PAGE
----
The interaction effect of social networks on migration intention

With regard to the moderation effect of social networks in the relationship between the predictor variables (place attachment, attitude, subjective social norms, perceived behavioral control, and national pride) and the outcome variable (migration intention), the result indicated that the moderation effect of social network is revealed only in two predictors and migration intention. It moderated and strengthened the positive relationship between attitude and migration intention. But the moderation effect was significant when adolescents have a high social network. On the contrary, when the adolescents' social network was low, its moderation effect was not significant.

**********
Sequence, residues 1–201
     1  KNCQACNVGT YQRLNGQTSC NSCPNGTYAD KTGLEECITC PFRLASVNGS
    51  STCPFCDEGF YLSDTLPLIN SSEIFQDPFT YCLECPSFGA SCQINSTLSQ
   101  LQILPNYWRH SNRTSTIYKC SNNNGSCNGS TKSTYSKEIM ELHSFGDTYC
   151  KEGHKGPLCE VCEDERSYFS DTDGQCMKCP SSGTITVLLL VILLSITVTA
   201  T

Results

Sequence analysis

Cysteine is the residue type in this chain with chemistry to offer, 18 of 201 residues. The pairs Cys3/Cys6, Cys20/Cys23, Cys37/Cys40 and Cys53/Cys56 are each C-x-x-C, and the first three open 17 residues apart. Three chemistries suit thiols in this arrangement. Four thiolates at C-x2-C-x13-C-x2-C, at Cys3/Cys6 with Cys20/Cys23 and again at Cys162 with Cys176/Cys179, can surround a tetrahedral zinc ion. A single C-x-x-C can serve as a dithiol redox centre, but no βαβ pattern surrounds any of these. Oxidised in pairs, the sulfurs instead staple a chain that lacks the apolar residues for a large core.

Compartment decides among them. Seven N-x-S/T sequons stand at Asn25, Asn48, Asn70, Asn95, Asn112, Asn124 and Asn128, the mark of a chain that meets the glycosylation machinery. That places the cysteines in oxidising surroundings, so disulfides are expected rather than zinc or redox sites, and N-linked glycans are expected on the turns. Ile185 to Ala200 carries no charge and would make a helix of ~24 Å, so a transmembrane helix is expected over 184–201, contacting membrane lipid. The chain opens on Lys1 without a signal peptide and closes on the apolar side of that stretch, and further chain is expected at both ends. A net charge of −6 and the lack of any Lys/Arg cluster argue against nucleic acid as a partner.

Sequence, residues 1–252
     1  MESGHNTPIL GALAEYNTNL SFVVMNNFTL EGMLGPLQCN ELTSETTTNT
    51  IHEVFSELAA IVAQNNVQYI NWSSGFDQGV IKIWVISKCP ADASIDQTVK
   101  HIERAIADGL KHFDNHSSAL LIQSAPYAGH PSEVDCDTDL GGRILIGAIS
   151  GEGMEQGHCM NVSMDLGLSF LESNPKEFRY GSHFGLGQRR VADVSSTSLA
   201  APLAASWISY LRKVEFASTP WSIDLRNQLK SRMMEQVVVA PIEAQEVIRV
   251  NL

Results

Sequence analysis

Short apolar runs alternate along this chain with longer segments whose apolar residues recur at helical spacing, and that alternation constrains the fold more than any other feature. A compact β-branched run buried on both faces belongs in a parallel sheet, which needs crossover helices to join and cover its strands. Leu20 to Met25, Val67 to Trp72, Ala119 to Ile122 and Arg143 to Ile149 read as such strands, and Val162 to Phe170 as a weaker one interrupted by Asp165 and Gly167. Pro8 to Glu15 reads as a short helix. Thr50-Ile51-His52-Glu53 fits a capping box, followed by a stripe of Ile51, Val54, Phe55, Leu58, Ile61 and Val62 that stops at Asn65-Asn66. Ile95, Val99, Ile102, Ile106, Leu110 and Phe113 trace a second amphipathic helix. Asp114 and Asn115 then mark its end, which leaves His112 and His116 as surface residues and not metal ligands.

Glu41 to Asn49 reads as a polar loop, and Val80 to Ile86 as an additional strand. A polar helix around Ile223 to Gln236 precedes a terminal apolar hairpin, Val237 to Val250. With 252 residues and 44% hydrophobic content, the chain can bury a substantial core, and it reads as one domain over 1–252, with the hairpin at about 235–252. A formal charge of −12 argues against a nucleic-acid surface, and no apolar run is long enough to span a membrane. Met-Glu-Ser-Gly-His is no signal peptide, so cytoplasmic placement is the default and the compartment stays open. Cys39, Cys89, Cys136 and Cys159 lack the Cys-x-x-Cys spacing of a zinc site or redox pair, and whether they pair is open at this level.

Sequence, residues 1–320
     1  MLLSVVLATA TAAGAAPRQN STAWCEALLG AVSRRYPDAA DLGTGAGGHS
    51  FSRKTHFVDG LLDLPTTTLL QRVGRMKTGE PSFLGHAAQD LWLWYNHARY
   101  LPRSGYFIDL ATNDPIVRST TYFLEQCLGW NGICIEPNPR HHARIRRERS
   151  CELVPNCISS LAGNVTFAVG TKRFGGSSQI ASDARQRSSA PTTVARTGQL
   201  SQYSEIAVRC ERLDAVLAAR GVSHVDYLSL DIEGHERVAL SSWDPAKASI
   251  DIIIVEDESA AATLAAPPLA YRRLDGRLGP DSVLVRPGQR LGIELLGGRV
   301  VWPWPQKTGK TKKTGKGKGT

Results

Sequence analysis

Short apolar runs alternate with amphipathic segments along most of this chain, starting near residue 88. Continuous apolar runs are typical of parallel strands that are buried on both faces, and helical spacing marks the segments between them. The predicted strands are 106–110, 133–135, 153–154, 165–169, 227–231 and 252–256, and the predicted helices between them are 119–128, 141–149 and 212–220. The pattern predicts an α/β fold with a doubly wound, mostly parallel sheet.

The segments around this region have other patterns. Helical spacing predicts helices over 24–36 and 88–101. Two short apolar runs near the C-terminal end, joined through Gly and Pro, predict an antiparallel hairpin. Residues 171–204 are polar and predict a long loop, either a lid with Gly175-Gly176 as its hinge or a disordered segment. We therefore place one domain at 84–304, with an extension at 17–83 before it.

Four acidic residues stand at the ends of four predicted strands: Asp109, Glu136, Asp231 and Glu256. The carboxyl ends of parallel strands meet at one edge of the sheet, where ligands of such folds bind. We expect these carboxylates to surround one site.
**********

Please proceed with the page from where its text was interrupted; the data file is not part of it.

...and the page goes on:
Among the different means, attitude is formed is through social learning. Social learning is one of the mechanisms to form an attitude. People learn a behavior and behavioral intention through vicarious learning and make cognitive inferences based on what they experience from others (Bandura, 1997). In line with this principle, when individuals have a high social network, it increases immediate and “imagined” social interaction and connection which in turn enhances their migration behavioral intention. Attitude remained potent when information about attitude objects is frequently accessed. The relationship between attitude and behavioral intention and behavior is strong when the attitude is accessible, and attitude is accessible when frequent information and related symbols concerning the attitude objects are available (Myers, 2010). When individuals have a high social network, they might get opportunities to contact them through different mechanisms, including social media. The remittance, the businesses opened by migrants and their families, and other technology-related materials make adolescents' attitudes potent and determine their migration intention. Moreover, the cognitive element of attitude is directly impacted by information coming from the external environment. The cognitive dimension of attitude is influenced by communication between or among individuals (Fishbein and Ajzen, 1977). As a result, when there is a high social network for adolescents, the exchange of information about migration will be high. This exchange of information about migration makes the individuals' attitude easily accessible and enhance their intention to migrate abroad.